Count Hadik Andras de Futak Nobleman

Count Hadik Andras de Futak Nobleman

 

 

 

 

 

 

 

 

***Portions of our cruise were sponsored by Viking River Cruises. All opinions, as always, are those of my own.

Viking Cruises, Photo of the Day #1

 

As I barrel towards the sunset, my body reminds me daily of the aging process I am facing head on. There are days I spring out of bed (just kidding, I don’t think that has actually transpired in decades!) and hit the ground running (LOL, not in twenty years have I run, except my cardiac stress test every three years). Other days it is hard to find the floor as I roll out of the bed.

 

 

The older I get, the more I treasure the little things in life, like two days ago when our youngest son Chris was in town and decided to stop by to ask me to go to lunch. Of course I had already eaten (just my luck) and had an appointment I couldn’t miss, so we only got to see each other for a few minutes and he left. That made my day and put me on cloud nine (translation from Texan, “very happy”). The good news is he was able to eat with his Mother and see her briefly before going back to Dallas.

 

Viking Longship Modi

Viking Longship Modi

 

My first photo is a picture of the Longship Modi, the wonderful accommodation on our first cruise with Viking. This photo shows a portion of the famous Széchenyi Chain Bridge in Budapest, Hungary, directly behind the longship. The Modi was built recently and we thought it was grand 5-star lodging. Our stateroom was very comfortable and actually larger than I expected, with a nice balcony to drink morning coffee on. We would take another cruise in a heart beat.

 

There is a saying “Some days you eat the bear and some days the bear eats you”! I love this for some odd reason and it’s my perspective on life. The other day, with seeing my son, I definitely “ate the bear”! After Chris left I started thinking of ways to write more, as some of you may or may  not know, writing doesn’t always pour out of your brain. There are days it flows smoothly, days it’s like a raging river pouring out by the gallon and days where no matter how hard you put forth the effort, nothing comes out and it’s like you have two blocks of concrete tied to your feet and being pushed overboard. Basically no matter how hard you try or what amount of effort you put forth, nothing comes out!

 

 

The third scenario has been commonplace recently. Then I thought about a series I had earlier in my career, called “Photo of the Day #???” This series motivated me to write more often and put forth effort with writing, centered around the photo I chose for the day. I checked back and I was at Photo of the Day #79. Then I thought about the hundreds, maybe thousands of photos I took on our Viking River Cruise in December. Why not do a feature series of the various photos I took in Europe? So I am starting a new series as of today with hopefully a photo daily, maybe more than one and if I get tied up with the concrete blocks I may miss a day or two.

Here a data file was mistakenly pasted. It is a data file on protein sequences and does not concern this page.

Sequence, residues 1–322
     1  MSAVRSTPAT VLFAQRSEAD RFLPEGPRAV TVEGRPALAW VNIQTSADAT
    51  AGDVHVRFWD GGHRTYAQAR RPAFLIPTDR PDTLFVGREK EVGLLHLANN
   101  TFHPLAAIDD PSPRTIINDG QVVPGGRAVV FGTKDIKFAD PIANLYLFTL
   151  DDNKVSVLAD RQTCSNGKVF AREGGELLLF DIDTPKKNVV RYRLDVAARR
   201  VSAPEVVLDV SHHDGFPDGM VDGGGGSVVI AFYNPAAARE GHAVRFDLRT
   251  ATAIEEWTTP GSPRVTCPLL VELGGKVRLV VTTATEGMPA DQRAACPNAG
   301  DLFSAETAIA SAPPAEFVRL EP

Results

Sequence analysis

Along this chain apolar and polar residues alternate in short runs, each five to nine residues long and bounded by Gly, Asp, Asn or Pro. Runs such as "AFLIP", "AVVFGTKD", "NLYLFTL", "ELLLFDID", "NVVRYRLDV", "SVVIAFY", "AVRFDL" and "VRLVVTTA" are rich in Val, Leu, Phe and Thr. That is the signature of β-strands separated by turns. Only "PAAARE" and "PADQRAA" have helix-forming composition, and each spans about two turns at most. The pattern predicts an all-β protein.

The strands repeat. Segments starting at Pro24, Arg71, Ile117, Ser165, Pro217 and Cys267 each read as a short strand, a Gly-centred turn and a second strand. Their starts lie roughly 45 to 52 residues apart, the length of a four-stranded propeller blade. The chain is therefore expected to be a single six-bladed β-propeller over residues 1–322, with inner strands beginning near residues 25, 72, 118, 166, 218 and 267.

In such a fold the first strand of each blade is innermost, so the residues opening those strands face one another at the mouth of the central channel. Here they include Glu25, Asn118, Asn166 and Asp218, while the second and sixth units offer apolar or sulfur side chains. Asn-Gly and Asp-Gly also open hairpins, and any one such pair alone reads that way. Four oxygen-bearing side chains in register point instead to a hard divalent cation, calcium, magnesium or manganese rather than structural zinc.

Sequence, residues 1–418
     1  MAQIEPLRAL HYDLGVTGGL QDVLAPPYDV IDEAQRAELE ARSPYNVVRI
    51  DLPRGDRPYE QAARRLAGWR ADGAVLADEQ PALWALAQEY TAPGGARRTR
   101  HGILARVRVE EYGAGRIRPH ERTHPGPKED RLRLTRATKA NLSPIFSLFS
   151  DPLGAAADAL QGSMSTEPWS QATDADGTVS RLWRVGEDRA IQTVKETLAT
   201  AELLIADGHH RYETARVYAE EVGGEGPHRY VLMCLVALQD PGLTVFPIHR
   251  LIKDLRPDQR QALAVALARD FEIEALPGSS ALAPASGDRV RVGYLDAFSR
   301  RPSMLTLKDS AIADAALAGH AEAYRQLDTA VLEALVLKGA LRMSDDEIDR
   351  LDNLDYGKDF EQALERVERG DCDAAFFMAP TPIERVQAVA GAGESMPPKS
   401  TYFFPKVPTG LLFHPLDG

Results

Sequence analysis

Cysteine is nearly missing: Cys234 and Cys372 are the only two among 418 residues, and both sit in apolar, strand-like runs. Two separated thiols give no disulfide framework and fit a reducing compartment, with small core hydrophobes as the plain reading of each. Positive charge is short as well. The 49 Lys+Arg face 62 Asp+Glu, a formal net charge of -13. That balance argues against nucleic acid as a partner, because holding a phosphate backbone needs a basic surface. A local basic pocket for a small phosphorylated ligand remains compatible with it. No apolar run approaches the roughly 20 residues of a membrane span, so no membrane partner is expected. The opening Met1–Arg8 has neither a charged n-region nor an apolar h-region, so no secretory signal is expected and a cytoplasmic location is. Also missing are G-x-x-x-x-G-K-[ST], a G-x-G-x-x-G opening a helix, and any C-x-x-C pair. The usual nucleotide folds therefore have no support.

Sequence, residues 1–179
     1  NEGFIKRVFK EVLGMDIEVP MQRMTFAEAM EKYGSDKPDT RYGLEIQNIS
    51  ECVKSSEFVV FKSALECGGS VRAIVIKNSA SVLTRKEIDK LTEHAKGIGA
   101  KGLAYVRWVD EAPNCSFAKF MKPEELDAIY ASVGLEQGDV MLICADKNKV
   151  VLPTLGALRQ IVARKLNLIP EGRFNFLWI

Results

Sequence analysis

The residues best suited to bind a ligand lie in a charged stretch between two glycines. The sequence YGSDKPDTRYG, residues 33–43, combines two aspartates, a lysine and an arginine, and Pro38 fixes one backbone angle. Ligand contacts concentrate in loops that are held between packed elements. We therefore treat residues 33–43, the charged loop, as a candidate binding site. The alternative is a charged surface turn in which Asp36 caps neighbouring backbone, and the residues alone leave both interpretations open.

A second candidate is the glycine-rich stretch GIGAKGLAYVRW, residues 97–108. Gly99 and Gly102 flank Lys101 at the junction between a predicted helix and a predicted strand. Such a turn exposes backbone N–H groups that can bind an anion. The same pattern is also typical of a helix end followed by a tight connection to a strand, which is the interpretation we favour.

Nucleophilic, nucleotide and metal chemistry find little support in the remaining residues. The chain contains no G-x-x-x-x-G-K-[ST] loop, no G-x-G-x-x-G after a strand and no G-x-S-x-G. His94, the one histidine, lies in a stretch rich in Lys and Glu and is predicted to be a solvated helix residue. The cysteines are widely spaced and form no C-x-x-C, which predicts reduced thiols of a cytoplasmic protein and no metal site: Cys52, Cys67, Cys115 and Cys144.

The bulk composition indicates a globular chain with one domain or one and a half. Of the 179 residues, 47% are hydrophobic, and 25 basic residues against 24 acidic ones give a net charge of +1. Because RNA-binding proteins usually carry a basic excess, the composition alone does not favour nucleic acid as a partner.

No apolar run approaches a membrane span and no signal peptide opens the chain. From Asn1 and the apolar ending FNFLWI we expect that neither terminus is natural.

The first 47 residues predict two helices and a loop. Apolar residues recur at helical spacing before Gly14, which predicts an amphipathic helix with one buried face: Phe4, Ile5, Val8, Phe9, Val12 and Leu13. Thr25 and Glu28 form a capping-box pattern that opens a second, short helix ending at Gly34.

Most days the verbiage will be less than today, but the photos will be original. I realize how fortunate Kim and I were and there are some readers that will never get the opportunity to take a trip with Viking River Cruises. Hopefully by sharing photos it will give you a minute taste of river cruises. Consequently, I am sharing photos with you from our experience and I sincerely hope you enjoy! Thank you and be kind to each other!

 

 

 

 

***Portions of our cruise were sponsored by Viking River Cruises. All opinions, as always, are those of my own.

Viking River Cruises, Budapest

For four years Kim and I have dreamed of taking a Viking River Cruise together through Europe. I have been disappointed year after year, as it never came to fruition. Neither one of us had ever been to the continent until this year. Miracle of miracles, I have been three times in 2015 and have completely become enamored with its architecture, people and food as a whole. I have fallen head over heels for the wonderful attributes of Europe. Most fortunately I also connected with Viking this year and Kim and I were able to participate in a trip of lifetime. In all our 37 years of marriage and vacations, nothing compares or can measure up to a river cruise with Viking. The overall impression is a 5-star involvement. We will treasure our memories the remainder of our living days.

 

Viking Longship Modi